The German strategy: Plan "Marita"
In reality, the decision for the German invasion had already been taken by the Axis camp. The approval of the German operation in the Balkans, with the intention of passing through Bulgaria in order to occupy Greece (Plan Marita), had taken place in Berlin since mid-December 1940.
Although Hitler had from the first moment declared his desire to avoid conflict in the Balkans, the new strategic conditions dictated a different course of action. The failure of the Italian attack on Greece had become apparent by the end of 1940 and had created a new open front for the Axis, at the same time when the German forces had failed to overcome the resistance of Britain and the Italian troops were retreating in North Africa.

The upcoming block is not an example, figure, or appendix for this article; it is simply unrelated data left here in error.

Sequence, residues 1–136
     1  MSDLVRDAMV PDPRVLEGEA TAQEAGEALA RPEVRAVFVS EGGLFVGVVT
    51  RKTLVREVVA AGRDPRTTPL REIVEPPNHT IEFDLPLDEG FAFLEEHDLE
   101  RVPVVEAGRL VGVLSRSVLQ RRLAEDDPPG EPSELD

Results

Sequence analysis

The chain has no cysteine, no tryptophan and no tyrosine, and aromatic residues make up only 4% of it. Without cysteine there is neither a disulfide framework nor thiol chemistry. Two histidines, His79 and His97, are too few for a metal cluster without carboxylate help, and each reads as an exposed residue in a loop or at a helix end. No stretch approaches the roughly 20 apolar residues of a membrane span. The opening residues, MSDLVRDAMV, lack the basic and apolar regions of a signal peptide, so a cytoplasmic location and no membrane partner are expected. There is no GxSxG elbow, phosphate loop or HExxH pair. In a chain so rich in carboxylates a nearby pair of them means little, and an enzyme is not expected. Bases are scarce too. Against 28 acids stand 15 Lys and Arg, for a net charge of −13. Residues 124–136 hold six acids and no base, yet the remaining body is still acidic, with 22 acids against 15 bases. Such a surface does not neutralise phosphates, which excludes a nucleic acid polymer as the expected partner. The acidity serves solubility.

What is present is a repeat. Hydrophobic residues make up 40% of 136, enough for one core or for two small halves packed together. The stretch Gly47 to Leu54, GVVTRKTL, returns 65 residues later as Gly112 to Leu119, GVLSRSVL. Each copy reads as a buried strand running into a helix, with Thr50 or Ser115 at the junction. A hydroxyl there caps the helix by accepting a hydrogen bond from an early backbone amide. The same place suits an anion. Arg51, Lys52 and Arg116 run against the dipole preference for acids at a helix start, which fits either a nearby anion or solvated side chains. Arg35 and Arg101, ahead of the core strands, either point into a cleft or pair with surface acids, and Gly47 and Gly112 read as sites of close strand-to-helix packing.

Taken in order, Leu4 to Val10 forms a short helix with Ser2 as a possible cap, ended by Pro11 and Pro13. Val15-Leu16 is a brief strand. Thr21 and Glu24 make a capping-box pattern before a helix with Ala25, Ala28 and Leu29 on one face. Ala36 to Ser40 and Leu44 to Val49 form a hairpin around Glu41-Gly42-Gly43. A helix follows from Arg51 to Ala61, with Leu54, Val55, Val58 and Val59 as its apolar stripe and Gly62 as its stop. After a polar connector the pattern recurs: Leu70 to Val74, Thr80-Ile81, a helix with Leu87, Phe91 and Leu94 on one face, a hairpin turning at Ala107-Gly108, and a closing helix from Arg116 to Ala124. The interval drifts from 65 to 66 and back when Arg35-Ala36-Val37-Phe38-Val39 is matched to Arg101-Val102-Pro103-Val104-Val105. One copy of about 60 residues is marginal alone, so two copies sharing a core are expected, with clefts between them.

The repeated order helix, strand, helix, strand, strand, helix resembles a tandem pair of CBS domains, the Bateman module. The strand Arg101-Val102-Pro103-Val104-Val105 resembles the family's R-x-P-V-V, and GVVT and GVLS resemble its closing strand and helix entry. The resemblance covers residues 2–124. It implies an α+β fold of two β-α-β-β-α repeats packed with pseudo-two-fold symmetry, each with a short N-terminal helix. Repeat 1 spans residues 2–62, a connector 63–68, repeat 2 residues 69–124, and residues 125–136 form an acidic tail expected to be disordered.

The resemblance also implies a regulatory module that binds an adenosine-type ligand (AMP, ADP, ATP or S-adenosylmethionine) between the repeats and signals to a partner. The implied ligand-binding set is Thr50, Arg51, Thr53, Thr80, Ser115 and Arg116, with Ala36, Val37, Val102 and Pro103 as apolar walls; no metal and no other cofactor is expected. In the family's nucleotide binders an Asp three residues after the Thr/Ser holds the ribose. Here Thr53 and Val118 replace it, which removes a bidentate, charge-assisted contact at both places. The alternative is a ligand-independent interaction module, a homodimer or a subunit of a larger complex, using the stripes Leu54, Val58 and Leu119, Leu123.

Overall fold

Furthermore, the unsuccessful negotiations between Hitler and the Russian Foreign Minister Molotov in Berlin in November 1940 had convinced the German dictator that the time of the showdown with the Soviet Union was nearing. Consequently, he wished to create the best possible strategic conditions for the success of Operation Barbarossa against the Soviet Union. In this sense, it was imperative that the Balkans be drawn in the Axis sphere of influence, overcoming the resistance of the Greek forces in Albania and thus blocking a bridge of communication for the British with North Africa.